Why Your Jawbone Influences Your Suitability For Dental Implants
For many people, dental implants seem like the ideal solution for replacing their missing teeth. They may have the finances to pay for them and are accepting of the fact that the entire process can take several months from start to finish. What might then come as a crushing blow to their plans to have dental implants, is when they are told they are not suitable for them.
An individual’s suitability for dental implants relies on several factors, mostly all related to their health. One which is of huge significance is the health of their jawbone. This is due to the fact that the titanium base for the dental implant needs to be fitted directly into the jawbone. If there is any condition the patient has relating to their jawbone that comprises the base’s stability or strength, then it could be that dental implants are not an option for that individual.
The loss of strength and integrity of not just our jawbone, but all our bones in general can be as a result of several different factors. For anyone aged 31 who rightly thinks of themselves as still young, they might be shocked to learn that beyond the age of 30 we have passed our peak bone strength. Our bones weaken naturally as we grow older and that can affect our jawbone and its ability to support a dental implant.
We obvious cannot turn back time so that is a factor we cannot influence. The gender we are born is also a factor, with females not only having weaker bones than males, but as women enter their menopause, their natural production of estrogen slows. Estrogen is a hormone which contributes to the strength and health of our bones, so if that is lacking, our bones are not as strong.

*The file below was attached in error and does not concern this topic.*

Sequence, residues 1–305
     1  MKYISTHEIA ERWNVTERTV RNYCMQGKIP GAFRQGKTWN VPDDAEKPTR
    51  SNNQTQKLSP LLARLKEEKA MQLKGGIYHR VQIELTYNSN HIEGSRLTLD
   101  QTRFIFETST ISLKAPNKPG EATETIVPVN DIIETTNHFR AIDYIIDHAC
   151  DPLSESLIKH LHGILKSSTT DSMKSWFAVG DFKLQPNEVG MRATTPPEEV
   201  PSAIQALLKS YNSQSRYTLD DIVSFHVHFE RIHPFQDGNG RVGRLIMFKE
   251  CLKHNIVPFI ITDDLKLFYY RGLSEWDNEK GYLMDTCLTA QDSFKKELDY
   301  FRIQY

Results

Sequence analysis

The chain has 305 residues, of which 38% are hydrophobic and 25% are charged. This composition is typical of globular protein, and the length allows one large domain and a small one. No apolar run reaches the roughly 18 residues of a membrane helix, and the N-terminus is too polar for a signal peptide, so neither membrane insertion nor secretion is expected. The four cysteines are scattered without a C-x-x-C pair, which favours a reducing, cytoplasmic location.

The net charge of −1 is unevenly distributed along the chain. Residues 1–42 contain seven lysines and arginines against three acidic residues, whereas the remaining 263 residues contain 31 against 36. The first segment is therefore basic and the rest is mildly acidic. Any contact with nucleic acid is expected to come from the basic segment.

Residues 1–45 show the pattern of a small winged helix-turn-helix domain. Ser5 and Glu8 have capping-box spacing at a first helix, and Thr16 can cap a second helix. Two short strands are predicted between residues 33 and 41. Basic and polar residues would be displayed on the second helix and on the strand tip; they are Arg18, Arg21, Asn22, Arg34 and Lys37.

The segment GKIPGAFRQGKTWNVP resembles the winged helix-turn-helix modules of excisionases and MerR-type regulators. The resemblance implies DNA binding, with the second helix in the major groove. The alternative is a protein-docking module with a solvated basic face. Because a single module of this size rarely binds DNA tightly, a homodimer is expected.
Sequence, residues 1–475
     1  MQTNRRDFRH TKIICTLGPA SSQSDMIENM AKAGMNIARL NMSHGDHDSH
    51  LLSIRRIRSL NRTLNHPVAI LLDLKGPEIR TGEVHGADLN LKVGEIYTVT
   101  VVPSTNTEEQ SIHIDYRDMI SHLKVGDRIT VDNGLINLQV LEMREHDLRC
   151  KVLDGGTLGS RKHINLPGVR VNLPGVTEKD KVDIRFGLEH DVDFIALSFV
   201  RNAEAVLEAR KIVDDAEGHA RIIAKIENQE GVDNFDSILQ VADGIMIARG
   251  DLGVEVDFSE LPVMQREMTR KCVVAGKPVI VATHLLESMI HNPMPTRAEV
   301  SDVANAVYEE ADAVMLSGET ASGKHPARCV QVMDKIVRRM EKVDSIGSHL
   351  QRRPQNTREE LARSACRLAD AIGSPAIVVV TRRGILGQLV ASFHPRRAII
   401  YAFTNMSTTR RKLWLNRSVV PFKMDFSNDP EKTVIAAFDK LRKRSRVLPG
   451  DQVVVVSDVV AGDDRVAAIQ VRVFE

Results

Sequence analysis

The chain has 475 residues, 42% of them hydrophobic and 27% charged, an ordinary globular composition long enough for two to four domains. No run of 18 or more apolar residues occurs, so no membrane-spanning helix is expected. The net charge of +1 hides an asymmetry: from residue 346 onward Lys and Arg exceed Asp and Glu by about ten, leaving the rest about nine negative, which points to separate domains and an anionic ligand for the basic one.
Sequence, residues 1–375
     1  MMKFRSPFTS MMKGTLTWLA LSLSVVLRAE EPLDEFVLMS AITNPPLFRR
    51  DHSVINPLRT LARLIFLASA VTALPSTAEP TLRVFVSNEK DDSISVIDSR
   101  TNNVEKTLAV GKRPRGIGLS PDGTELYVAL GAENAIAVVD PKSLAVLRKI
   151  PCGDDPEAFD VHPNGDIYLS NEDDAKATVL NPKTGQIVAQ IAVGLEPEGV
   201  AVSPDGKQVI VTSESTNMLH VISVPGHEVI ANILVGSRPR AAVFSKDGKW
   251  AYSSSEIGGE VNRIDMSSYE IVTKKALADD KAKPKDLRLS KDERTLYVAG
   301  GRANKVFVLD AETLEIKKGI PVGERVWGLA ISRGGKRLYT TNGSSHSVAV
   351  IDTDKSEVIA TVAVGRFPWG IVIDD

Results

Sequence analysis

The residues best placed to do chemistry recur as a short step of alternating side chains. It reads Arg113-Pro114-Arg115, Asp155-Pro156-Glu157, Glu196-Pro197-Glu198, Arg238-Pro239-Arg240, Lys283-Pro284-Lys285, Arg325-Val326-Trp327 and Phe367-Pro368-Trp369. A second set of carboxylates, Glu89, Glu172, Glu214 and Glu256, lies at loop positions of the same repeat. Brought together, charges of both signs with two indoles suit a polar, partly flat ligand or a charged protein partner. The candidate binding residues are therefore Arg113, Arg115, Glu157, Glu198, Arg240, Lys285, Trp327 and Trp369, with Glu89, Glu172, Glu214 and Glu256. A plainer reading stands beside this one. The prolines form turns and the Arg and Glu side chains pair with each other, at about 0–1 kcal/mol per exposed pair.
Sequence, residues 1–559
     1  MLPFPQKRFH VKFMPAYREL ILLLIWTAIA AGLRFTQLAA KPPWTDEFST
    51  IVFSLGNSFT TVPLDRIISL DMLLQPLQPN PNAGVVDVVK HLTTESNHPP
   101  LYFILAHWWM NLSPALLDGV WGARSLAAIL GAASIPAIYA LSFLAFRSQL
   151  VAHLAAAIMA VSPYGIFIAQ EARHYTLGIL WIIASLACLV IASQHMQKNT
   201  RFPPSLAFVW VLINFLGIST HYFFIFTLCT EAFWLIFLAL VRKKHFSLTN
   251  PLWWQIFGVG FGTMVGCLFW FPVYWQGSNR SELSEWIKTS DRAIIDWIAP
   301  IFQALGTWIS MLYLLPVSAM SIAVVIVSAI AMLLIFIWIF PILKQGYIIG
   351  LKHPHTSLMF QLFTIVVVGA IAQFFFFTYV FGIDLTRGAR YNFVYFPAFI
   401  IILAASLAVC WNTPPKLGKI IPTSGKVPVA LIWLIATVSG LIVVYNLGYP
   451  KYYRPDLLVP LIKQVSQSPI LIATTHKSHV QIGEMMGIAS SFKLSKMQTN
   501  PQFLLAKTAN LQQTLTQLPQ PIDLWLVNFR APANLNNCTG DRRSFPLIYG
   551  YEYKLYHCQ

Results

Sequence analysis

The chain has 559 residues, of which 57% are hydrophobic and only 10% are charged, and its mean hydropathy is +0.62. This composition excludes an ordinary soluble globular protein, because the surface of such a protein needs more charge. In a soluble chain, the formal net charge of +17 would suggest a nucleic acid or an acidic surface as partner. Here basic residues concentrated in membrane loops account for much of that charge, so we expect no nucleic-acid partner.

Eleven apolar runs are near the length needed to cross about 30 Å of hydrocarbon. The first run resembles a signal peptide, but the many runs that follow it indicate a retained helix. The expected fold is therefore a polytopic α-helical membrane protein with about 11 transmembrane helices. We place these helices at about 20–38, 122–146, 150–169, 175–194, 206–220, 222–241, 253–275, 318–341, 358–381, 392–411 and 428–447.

Other reasons why our bones in general, and our jaw bones in particular might weaken include us eating a diet that is greatly lacking in certain vitamins and minerals. These include Vitamin C, Vitamin D, Vitamin K2, and calcium. Our poor lifestyle might also have a negative impact on not just our overall health strength, but when considering dental imp[a test, the suitability of our jawbone. Here we are talking about a lack of exercise, smoking, and drinking excess alcohol.
As you can see there are plenty of factors that influence our jawbone’s suitability for dental impacts, and the fact you are likely to be considering dental implants to replace a missing tooth, brings us to another potential problem.
When you lose a tooth, the bone that was surrounding the roots of that tooth has a tendency to weaken. It is almost as if that area knows it no longer has to be as strong as it was, because it is no longer securing a tooth.
If the weakening continues over time, there will come a point that it will be too weak to secure the base of a dental implant. This is why dental implants procedures should begin as soon as possible after the loss of a tooth, and certainly no longer than 12 months after it has occurred.
If that 12 month period has been exceed, and/or it has been determined that there has been a significant diminishing of the bone structure within the jaw, all is not lost as there is the possibility of a bone graft. This is where a piece of healthy bone from another part of the body, is transplanted to the area of the jawbone that needs to be strengthened.
This is not a quick fix as it can take several months for the healthy bone to fuse on to the jawbone and provide the required level of strength and integrity that would be required for a dental impact to be fitted.